Evidence supported the Board of Probation and Parole’s position that petitioner’s parole revocation hearing was timely in that it was held 67 days after receipt of official verification of his conviction; parole agent testified when Board received official verification and the criminal arrest and disposition report indicated that official verification of petitioner’s conviction was received by the Board on that date. Eaton v. Bd. of Probation and Parole, 959 A.2d 477, 480 (Pa. Cmwlth. 2008).

   Where it is alleged that the Board was aware of the conviction and the availability of the conviction records, but did not retrieve them, a remand was required to determine whether a 143 day period between a parolee’s conviction and the receipt of the conviction records by the Board rendered a parole revocation hearing untimely. Fitzhugh v. Board of Probation and Parole, 623 A.2d 376 (Pa. Cmwlth. 1993).

   A recommitment order is a final, appealable order, and by failure to appeal a recommitment order, the petitioner waived issues relating to timeliness of his revocation hearing. Woodard v. Board of Probation and Parole, 582 A.2d 1144 (Pa. Cmwlth. 1990).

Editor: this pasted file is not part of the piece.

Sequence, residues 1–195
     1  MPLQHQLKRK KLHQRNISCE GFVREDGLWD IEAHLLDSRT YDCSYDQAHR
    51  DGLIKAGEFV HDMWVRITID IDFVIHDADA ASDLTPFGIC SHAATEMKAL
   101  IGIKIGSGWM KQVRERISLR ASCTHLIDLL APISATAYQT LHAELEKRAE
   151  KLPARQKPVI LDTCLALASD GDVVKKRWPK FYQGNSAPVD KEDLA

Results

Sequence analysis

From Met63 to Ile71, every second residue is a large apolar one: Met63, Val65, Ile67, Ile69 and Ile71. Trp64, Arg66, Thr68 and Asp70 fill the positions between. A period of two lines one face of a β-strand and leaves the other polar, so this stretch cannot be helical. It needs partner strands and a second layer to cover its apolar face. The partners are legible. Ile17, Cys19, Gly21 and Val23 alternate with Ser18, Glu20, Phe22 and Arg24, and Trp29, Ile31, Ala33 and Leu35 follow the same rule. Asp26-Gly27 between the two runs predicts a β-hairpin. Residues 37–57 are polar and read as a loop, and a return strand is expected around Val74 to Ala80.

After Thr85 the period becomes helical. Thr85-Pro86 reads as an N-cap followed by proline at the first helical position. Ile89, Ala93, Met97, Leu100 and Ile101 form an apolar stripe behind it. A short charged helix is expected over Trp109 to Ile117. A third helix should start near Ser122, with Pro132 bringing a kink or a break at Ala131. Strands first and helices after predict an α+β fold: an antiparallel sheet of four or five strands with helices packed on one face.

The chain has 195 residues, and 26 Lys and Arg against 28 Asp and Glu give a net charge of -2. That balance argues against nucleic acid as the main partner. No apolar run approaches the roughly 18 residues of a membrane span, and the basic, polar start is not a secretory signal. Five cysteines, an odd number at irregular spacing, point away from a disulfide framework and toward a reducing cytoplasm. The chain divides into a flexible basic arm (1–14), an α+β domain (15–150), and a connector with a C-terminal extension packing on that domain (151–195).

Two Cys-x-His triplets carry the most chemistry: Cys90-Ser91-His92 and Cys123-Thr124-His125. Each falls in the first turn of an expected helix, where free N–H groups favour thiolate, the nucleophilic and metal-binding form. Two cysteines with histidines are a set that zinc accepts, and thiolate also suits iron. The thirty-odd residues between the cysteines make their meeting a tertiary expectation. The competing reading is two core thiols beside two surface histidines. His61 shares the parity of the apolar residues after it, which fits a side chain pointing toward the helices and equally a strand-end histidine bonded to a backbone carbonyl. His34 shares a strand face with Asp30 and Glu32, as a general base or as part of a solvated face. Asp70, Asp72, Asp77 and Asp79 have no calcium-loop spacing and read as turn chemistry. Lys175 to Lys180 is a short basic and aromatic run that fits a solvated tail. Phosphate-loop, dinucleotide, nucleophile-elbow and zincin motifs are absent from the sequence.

Failure to provide revocation hearing 120 days from date of receipt of verification of conviction resulted in prejudice; parole violation charges dismissed. Johnson v. Board of Probation and Parole, 566 A.2d 918 (Pa. Cmwlth. 1989); appeal granted 575 A.2d 118 (Pa. 1990); affirmed 583 A.2d 790 (Pa. 1991).

   Where parolee had requested continuance pending sentencing for new crime, fact that the hearing was held prior to sentencing did not nullify the continuance but only gave parolee basis to object to prematurity of hearing. Robinson v. Board of Probation and Parole, 503 A.2d 1048 (Pa. Cmwlth. 1986); appeal after remand 520 A.2d 495 (Pa. Cmwlth. 1987).